Drought shatters Turkana’s dreams of a better future
In just a few years water, oil and money would flow.
Roads, schools and hospitals would follow.
To the south, in Karioreng village, Akalale Esekon tried to breast-feed her infant child, but no milk came so the baby screamed with hunger.
Compounding the drought is population growth in Turkana—at 6.4 percent a year, it is twice the national average—which means already scarce resources are quickly exhausted by people and their livestock.
It is instead the region’s biggest economy and a stable if faulty democracy, but Turkana feels like another country.
"The image of Kenya as a middle income country doesn’t do justice to the reality on the ground," said Werner Schultink, country head for the UN children’s agency, UNICEF.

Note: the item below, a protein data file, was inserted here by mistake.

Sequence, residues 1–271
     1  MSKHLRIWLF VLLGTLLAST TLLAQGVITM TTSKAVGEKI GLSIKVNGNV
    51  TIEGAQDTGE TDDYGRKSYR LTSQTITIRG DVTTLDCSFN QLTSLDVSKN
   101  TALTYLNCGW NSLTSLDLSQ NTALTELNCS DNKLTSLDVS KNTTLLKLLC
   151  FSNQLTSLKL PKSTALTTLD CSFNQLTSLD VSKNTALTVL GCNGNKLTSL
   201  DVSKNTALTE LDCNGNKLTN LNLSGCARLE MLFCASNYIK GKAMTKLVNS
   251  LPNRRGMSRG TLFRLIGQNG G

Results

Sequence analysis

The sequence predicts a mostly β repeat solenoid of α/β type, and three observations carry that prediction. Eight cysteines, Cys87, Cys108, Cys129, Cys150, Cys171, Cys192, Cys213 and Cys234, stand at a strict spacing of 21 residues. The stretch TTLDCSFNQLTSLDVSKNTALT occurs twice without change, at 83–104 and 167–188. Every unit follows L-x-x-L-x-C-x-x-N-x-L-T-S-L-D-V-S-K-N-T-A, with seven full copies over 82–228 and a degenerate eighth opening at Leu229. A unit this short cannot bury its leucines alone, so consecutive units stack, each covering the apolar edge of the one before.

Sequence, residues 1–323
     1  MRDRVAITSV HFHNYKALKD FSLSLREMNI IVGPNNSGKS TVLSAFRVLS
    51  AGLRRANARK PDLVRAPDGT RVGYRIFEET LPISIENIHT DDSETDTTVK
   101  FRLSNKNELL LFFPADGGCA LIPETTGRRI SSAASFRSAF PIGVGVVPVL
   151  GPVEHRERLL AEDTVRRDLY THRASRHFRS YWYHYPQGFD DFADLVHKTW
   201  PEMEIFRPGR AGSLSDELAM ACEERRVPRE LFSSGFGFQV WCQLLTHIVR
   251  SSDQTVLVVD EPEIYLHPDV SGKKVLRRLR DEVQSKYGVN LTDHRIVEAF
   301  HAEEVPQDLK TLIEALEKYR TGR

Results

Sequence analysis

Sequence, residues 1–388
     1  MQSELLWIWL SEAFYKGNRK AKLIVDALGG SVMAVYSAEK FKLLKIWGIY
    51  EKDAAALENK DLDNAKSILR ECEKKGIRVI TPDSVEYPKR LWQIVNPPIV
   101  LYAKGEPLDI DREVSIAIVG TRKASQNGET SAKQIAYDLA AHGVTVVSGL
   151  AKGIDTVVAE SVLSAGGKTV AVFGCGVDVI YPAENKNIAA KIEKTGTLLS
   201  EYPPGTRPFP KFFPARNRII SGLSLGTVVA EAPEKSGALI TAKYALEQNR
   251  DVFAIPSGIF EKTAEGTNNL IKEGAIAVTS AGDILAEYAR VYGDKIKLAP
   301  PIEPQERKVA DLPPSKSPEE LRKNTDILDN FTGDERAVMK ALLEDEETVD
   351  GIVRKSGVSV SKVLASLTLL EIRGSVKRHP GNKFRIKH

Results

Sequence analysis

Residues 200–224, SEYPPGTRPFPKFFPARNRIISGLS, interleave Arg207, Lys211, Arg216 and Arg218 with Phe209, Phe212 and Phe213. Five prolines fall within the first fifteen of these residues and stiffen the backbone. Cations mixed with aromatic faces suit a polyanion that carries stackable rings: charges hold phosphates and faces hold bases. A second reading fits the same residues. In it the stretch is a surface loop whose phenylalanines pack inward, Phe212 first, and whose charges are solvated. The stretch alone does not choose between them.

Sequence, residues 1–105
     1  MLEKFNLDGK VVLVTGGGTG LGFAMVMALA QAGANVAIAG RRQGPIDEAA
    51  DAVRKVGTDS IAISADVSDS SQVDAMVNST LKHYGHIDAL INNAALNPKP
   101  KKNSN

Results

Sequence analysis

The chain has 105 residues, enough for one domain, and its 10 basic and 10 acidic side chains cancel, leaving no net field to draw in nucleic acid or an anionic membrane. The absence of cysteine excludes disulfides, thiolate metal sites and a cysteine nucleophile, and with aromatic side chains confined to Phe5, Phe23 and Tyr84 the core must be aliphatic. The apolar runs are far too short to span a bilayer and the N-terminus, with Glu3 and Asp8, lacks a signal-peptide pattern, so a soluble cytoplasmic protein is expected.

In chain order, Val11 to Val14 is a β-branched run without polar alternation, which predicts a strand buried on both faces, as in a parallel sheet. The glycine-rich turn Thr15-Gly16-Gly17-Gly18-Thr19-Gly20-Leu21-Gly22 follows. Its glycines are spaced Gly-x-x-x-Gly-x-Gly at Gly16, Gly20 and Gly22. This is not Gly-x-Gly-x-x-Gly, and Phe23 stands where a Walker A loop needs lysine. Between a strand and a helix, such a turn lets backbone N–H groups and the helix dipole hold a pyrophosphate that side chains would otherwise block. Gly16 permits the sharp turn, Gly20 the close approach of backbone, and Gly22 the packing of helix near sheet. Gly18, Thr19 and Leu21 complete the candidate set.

The hunger is greatest in the north.
Little oil, less water In 2013, Kenya and the UN cultural body, UNESCO, thrilled to announce the discovery of a gigantic aquifer beneath Turkana that promised irrigation and enough water for all.
As the drought bites, the road ahead looks longer than ever for Turkana: some 92 percent of its 1.4 million people live below the poverty line and only a fifth know how to read and write, a figure four times lower than the national average.
"There will be more droughts," said Nakara.